Managing money wisely is an important life skill, and yet many children and adults don’t know how to do it! The easiest way to teaching children how to manage money wisely (before letting it manage them) is through the save, spend, and give method.
Whether you give commission based on certain extra chores completed, or a weekly allowance, grab 3 jars per child. Pringles or shoeboxes work well, but I’ve noticed clear mason jars serve as the best “visual” – as you can see the money. Label the three jars: saving, spending, and giving respectively. The rules typically are although you can take Spending money and put it either in Giving or Saving, you cannot move Saving or Giving money. Find what works best for your family. Some times, the traditional 10% Giving, 60% Savings, 30% Spending works. Other times, during a certain season, more money must be used for Savings rather than Spending.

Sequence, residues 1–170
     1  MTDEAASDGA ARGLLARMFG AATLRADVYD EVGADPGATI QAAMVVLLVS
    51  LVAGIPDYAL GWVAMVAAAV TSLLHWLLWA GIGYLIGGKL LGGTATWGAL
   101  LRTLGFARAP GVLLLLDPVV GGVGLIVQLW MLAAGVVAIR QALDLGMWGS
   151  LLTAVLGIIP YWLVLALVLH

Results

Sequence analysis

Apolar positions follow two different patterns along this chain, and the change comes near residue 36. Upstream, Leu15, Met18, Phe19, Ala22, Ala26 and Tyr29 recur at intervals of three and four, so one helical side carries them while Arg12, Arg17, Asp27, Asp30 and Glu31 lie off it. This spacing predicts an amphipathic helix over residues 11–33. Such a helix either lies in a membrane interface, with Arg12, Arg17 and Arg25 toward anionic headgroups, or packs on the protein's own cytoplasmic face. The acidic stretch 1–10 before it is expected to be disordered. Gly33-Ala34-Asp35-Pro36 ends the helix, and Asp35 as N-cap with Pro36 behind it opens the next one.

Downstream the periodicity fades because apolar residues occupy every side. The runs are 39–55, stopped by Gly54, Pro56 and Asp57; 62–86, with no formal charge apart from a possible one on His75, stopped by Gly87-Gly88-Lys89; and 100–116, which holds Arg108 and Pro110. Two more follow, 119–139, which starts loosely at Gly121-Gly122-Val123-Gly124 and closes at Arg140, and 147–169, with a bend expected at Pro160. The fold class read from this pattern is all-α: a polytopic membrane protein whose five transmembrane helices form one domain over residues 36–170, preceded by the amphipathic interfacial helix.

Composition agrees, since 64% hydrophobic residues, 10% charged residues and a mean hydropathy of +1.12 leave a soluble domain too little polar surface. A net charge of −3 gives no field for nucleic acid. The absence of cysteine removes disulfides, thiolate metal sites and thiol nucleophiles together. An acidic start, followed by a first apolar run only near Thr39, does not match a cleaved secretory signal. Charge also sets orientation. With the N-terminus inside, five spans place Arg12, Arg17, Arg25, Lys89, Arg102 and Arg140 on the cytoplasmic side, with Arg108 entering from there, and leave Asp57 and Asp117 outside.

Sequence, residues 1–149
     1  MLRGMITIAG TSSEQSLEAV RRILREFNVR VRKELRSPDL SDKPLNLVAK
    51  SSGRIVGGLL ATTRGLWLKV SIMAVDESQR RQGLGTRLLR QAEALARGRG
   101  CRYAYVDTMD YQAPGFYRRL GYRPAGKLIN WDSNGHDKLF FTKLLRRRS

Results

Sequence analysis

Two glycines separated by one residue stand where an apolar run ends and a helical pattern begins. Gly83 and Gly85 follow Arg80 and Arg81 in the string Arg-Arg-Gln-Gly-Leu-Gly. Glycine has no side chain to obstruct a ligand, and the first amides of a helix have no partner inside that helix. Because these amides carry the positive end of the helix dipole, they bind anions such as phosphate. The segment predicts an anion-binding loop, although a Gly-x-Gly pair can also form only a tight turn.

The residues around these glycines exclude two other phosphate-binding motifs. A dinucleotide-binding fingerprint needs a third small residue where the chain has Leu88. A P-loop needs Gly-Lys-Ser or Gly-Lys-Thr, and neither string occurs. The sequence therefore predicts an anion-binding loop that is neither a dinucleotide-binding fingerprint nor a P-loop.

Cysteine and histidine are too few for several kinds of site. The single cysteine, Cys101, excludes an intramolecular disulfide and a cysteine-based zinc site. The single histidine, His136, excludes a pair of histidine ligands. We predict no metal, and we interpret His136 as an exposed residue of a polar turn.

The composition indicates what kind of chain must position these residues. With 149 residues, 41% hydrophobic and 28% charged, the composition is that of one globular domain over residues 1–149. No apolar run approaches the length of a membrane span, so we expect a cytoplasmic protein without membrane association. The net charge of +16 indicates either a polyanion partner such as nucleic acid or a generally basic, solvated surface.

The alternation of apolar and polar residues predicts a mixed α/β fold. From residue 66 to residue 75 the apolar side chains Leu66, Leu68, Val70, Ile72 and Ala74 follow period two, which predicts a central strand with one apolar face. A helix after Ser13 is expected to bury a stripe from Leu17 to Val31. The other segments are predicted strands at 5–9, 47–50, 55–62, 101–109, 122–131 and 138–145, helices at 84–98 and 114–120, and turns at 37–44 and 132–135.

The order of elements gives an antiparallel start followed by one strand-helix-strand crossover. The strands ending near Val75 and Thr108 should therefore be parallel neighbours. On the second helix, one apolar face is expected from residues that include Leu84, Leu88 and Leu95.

The savings jar is for money to be used for large purchases, or to go into a savings account for future use – such as a bicycle, or a big trip. Money in this jar goes towards the large purchase, or a real bank account. If you haven’t yet, take a trip to the bank and open a savings account for your child, where the temptation to use that money is put at ease.
Spending money can be used however the child wants – such as candies, movie tickets, trips to the Dollar store, vacation souvenir extras, or other “fun” things.
Teaching philanthropy is important even at a young age. Giving can include birthday or Christmas presents, sponsoring a child, school fundraisers, or tithing.
With this free printable that comes in two different color schemes, help children keep track of the amount of money they save, spend, and give. Each time money goes in or out one of banks, include a note of what it was used for, plus the amount.